It’s still too cold to garden in Virginia, so friend and landscape designer, Sue Perrin and I escaped to Richmond to warm up with vibrant flowers and green plants at the annual Maymont Flower and Garden Show. In this year’s Glorious Gardens Great And Small, we were on a quest for garden products, newest cultivars and gardening trends. We hoped for spectacular garden displays to feast on and ideas to take home. I was hoping for more in the category of edible urban gardening but that was not to be.
Sadly, with the economic downturn, times are tough for garden shows. The Maymont Flower and Garden show, now run by a for-profit company, has become less garden show and more home show. We made our way past the grills, vinyl siding, kitchen cabinets and heat pumps to the Maymont garden area of the room where displays were only a fraction of what they were years ago.
Hardscape seemed to dominate the gardens this year with several displays offering invitations to enter and follow walkways, cross bridges, view waterfalls, pools and hot tubs surrounded by tulips, daffodils, hydrangea, and hyacinth. Garden art was whimsical and fun. Playhouses or garden houses were displayed in landscapes along with an underground home fit for a gnome or hobbit.
Champagne moments were the discovery of two wonderful plants we’d like in our own gardens. The first, Arnold Promise witch hazel, a hybrid cross between a Japanese and a Chinese witch hazel, was developed at the Harvard University Arnold Arboretum and introduced in 1928. Sue was well aware of Arnold Promise and said it was prized because, unlike other witch hazel, it loses leaves to fully reveal their lemon colored fringe-like flowers. The display shrubs were gorgeous and we both plan to seek out and purchase this variety.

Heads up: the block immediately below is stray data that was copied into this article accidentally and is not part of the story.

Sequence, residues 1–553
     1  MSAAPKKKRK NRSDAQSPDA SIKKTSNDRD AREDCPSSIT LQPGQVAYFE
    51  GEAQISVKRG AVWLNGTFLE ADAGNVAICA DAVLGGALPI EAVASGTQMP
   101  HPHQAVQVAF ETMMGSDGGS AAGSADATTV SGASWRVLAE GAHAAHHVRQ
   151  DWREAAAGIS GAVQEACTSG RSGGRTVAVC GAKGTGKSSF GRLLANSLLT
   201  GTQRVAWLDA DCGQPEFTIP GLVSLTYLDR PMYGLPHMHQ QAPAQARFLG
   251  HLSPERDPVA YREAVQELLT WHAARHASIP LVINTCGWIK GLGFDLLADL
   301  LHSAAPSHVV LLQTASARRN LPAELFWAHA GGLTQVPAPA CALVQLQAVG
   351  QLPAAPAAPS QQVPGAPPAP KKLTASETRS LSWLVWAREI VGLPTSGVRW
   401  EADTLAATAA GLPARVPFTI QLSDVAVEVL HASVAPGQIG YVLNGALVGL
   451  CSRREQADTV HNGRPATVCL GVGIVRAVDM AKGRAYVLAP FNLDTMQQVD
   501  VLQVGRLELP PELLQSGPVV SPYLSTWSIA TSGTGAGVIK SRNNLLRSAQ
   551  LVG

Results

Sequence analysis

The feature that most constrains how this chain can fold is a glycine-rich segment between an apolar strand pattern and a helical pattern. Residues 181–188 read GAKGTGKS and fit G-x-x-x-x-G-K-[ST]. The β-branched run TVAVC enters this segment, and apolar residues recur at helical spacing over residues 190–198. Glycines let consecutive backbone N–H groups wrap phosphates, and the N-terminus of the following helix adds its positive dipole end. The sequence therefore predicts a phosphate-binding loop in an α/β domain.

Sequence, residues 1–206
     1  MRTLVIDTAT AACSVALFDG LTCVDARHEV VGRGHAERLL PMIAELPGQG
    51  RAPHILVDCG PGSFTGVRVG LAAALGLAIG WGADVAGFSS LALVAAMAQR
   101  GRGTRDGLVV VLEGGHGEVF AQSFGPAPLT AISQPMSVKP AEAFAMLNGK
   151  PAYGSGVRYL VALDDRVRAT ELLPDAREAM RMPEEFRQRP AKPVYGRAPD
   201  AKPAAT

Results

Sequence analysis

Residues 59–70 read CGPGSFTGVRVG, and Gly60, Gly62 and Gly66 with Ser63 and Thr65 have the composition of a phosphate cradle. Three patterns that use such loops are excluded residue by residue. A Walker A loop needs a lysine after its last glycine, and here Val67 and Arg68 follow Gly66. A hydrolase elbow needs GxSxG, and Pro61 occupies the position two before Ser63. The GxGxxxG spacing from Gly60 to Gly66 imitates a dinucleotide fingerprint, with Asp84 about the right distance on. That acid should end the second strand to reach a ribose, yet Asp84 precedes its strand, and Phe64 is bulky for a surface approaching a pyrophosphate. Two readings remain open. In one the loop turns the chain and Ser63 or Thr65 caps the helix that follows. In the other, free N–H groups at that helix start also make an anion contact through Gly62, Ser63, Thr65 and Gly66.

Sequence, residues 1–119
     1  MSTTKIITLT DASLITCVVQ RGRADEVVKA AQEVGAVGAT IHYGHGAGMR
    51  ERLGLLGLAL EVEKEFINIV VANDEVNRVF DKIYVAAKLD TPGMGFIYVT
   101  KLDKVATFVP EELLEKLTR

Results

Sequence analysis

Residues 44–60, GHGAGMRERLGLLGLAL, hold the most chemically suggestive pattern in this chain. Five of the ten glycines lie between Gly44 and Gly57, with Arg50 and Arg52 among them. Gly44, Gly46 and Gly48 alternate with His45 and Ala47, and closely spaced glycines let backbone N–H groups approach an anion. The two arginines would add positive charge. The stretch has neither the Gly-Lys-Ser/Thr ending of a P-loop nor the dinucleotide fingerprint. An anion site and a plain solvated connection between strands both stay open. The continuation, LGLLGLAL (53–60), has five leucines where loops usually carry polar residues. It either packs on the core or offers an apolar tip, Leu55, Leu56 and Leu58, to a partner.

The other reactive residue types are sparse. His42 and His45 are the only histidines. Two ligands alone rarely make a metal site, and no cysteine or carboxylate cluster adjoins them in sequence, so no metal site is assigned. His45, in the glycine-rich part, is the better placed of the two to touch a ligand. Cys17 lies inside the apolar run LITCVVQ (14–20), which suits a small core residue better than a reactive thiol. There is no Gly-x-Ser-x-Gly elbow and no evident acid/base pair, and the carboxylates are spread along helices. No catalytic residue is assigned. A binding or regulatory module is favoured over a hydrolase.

Our other find, located at the Ashland Berry Farm garden display, was the Soft Caress mahonia, with slender foliage that could be mistaken for a dwarf bamboo plant. It is an evergreen and grows to about 4’ high. Like its cousin that grows in most of our gardens, it displays fingers of bright yellow flowers in early winter.
Next we explored the garden vendors with one, Greg’s Antiques and Garden, being a standout. This company from Cincinnati OH displayed a great assortment of wrought iron garden items at affordable prices: arbors, fences, gazebos, planters, and more. On our way to the exit, we stopped to admire the Richmond Bonsai Society‘s incredible trees, one of which is 66 years old.
Although we miss the Maymont Flower and Garden Show of yore, we were content to have a touch of spring to sustain us for the next few weeks.
Ann Hohenberger, The Garden Club of Gloucester